Whether accidentally or as a matter of necessity, sometimes alcohol gets left in the car. While this isn’t much of an issue during cold weather months (unless we’re talking sub-zero temps and frozen beers), when it’s warm outside, leaving that 6-pack or bottle of wine to cook in the car is definitely something you want to avoid.
Generally speaking (because I’m no scientist), the less time you leave alcohol in a hot car, the better. This is especially true for beer and sparkling wine, which can explode if left in the heat for too long. Extreme heat, coupled with direct sunlight, can also diminish the quality and/or flavor of the booze in question (like skunked beer). Still wines can also get tainted from being left in a hot environment for too long. And while spirits won’t be as affected as beer or wine if left in a hot car for a short period of time, it’s probably best to avoid forgetting that bottle of bourbon or tequila in the trunk for a few weeks or months to preserve its quality and flavor (plus, don’t you want to drink it?!).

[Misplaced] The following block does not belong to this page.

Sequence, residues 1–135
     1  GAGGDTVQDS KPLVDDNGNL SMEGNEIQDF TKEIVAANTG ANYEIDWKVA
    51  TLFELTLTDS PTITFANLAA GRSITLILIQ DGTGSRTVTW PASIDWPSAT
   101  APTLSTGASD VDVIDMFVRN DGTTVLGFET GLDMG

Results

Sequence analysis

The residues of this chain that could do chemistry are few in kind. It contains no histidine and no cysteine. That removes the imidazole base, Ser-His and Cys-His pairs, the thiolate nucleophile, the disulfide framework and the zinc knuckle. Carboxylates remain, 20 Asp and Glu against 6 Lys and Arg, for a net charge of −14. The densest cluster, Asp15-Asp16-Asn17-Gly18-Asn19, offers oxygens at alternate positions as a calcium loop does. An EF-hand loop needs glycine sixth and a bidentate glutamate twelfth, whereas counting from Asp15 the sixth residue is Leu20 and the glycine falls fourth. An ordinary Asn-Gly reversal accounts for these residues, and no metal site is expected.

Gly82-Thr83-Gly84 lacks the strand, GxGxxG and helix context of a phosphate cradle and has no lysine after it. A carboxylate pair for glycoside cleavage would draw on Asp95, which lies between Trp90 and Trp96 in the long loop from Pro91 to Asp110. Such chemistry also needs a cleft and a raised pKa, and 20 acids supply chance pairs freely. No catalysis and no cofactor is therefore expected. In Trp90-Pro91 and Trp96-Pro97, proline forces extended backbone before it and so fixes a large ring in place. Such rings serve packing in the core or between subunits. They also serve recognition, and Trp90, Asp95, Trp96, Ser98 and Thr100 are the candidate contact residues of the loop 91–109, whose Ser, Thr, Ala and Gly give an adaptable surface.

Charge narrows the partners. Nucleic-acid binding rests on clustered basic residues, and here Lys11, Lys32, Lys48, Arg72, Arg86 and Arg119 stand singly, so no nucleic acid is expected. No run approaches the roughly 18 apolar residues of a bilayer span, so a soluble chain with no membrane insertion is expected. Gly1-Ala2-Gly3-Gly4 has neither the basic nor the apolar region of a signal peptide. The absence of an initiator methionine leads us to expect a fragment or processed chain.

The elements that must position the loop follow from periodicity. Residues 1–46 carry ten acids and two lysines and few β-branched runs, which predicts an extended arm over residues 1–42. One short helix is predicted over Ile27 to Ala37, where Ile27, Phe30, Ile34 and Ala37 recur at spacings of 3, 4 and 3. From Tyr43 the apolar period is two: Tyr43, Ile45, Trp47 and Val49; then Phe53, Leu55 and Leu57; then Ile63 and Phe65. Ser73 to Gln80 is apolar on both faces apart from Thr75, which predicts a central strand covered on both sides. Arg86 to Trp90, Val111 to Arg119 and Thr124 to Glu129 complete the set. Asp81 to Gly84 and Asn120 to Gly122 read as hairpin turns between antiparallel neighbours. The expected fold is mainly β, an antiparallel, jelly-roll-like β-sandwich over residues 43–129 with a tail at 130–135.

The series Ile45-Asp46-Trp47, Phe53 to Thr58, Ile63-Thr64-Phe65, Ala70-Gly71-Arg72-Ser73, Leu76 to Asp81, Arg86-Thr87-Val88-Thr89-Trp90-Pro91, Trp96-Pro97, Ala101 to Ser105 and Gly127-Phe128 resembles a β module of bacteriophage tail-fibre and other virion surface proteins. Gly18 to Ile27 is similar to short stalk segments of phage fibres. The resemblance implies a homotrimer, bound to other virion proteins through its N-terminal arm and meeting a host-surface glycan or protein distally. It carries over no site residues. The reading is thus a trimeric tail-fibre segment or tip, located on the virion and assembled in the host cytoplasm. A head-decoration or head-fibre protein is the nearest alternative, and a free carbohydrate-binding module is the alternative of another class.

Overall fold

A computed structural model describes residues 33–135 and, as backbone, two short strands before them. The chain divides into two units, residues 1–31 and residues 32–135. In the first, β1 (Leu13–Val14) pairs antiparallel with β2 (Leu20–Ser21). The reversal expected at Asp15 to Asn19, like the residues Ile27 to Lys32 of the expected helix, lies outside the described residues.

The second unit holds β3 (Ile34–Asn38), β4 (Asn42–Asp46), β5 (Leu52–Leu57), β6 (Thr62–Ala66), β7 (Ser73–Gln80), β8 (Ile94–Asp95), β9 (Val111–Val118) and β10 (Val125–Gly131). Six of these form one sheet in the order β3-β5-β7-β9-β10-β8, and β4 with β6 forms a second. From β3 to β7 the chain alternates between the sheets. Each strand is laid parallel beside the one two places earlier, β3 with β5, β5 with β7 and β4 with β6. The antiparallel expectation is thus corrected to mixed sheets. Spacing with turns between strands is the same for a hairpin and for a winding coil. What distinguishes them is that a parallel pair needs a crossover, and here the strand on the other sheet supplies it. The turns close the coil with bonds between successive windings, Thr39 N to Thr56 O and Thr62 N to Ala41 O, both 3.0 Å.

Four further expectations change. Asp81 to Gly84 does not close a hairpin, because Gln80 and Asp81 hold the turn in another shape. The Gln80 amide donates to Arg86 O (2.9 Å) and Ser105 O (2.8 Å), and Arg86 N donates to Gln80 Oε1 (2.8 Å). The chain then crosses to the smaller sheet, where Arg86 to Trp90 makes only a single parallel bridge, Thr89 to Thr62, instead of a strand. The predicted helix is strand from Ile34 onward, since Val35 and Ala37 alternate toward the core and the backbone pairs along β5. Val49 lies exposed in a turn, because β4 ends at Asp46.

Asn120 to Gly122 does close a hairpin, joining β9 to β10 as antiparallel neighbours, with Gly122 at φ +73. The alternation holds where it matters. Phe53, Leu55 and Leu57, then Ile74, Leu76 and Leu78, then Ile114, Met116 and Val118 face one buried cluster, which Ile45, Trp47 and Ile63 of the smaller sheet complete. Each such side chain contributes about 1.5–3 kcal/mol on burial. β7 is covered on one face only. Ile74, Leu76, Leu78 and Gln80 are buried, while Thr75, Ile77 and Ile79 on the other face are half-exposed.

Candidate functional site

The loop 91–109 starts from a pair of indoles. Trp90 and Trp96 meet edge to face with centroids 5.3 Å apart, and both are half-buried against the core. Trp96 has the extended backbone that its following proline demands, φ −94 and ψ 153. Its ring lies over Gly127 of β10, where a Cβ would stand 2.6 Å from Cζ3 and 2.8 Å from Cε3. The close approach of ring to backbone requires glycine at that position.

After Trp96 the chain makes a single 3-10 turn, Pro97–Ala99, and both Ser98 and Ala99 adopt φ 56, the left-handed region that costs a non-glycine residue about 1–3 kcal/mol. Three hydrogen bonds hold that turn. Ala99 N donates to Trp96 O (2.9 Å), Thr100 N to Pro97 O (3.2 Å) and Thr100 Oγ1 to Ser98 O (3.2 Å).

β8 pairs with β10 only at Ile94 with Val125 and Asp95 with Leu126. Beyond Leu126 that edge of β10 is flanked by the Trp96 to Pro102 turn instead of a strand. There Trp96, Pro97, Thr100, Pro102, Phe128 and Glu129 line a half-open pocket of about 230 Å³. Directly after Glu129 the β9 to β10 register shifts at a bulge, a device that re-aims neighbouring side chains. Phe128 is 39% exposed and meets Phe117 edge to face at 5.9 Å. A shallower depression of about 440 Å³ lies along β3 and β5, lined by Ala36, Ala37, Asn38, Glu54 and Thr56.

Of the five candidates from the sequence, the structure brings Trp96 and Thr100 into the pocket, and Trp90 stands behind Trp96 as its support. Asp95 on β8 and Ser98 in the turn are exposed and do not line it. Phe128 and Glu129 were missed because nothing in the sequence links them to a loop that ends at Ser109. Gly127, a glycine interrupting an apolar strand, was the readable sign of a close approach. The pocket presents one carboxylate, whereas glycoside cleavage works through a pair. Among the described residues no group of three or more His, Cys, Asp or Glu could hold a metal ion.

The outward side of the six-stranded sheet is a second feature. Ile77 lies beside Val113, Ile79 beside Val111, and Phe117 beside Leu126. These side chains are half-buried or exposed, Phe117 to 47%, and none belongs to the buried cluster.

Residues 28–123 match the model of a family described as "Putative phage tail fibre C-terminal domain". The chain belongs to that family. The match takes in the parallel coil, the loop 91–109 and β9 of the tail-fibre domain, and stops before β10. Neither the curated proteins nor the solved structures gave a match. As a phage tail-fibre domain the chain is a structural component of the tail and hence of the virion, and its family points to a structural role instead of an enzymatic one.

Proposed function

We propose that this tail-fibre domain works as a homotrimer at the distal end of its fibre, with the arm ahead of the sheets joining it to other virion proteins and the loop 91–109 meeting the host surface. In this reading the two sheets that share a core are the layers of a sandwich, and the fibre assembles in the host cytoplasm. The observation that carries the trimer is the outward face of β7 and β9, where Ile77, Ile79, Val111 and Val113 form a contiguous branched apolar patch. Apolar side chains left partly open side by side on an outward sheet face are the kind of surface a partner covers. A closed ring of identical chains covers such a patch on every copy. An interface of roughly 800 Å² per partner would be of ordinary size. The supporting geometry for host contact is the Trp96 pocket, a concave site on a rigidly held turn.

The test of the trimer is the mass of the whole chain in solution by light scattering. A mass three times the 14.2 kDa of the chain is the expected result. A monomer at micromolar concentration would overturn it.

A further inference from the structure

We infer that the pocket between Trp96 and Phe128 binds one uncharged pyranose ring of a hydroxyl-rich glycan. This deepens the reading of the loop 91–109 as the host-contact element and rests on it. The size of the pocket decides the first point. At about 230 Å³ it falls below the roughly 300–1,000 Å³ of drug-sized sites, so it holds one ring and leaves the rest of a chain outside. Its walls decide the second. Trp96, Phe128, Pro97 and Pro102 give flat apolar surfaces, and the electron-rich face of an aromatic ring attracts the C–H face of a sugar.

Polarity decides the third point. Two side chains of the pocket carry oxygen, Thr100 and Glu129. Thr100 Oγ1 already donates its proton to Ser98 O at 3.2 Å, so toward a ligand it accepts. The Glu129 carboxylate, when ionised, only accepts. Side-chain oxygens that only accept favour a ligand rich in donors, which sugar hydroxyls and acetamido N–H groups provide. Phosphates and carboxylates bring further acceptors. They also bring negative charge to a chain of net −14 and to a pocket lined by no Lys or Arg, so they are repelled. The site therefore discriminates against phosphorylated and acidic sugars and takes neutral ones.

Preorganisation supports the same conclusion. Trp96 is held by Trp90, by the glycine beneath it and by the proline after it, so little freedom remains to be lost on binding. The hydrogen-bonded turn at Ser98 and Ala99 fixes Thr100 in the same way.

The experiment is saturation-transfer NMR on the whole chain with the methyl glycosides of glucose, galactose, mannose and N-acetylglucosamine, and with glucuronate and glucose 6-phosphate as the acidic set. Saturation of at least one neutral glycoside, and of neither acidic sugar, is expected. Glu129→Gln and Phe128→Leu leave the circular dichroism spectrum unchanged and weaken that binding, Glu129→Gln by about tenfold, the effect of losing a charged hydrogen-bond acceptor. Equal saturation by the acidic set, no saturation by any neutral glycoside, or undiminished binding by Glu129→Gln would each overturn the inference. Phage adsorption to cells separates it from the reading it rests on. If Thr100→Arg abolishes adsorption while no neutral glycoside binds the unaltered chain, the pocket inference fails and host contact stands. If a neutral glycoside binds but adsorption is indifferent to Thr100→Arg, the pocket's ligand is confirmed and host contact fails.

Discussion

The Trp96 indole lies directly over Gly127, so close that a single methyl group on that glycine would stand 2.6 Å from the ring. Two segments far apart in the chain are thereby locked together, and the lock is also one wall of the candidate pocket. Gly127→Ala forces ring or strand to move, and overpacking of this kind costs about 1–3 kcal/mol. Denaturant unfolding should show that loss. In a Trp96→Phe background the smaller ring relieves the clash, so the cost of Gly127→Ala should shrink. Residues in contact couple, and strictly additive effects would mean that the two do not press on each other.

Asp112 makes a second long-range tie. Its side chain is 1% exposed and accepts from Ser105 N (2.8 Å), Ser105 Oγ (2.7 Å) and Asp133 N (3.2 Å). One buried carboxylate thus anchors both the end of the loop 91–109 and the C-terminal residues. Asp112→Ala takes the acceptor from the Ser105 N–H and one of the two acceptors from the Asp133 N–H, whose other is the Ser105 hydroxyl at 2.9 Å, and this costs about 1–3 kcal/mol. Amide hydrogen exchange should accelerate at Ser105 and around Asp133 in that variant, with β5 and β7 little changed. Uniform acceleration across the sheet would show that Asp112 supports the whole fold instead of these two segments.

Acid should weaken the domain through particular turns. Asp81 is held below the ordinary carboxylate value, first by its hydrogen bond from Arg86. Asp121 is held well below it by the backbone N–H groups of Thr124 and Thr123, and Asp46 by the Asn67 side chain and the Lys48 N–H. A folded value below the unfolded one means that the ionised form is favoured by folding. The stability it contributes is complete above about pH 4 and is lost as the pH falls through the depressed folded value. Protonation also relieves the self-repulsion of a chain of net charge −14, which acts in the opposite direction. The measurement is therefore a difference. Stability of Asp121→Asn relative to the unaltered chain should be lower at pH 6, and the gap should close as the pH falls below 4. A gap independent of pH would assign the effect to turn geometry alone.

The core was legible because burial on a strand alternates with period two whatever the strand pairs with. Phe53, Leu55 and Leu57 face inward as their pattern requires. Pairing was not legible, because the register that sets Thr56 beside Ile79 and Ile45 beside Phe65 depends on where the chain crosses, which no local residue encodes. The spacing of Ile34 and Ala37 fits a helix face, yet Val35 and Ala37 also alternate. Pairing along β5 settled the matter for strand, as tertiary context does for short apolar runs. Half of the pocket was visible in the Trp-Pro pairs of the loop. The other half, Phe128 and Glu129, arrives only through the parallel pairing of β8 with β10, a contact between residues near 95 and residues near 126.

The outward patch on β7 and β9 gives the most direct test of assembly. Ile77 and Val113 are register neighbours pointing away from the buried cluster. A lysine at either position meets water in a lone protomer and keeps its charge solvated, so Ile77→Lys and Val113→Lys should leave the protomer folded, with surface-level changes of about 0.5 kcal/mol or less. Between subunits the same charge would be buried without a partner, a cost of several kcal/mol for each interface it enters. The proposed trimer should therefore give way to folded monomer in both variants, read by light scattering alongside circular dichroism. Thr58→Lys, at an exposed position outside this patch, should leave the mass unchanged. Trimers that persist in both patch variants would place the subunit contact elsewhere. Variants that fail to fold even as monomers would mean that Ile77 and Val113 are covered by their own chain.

In short, you can keep spirits in a hot car longer than you can wine and beer, but you probably want to steer clear of leaving any alcohol in the heat and/or direct sunlight for more than a few hours.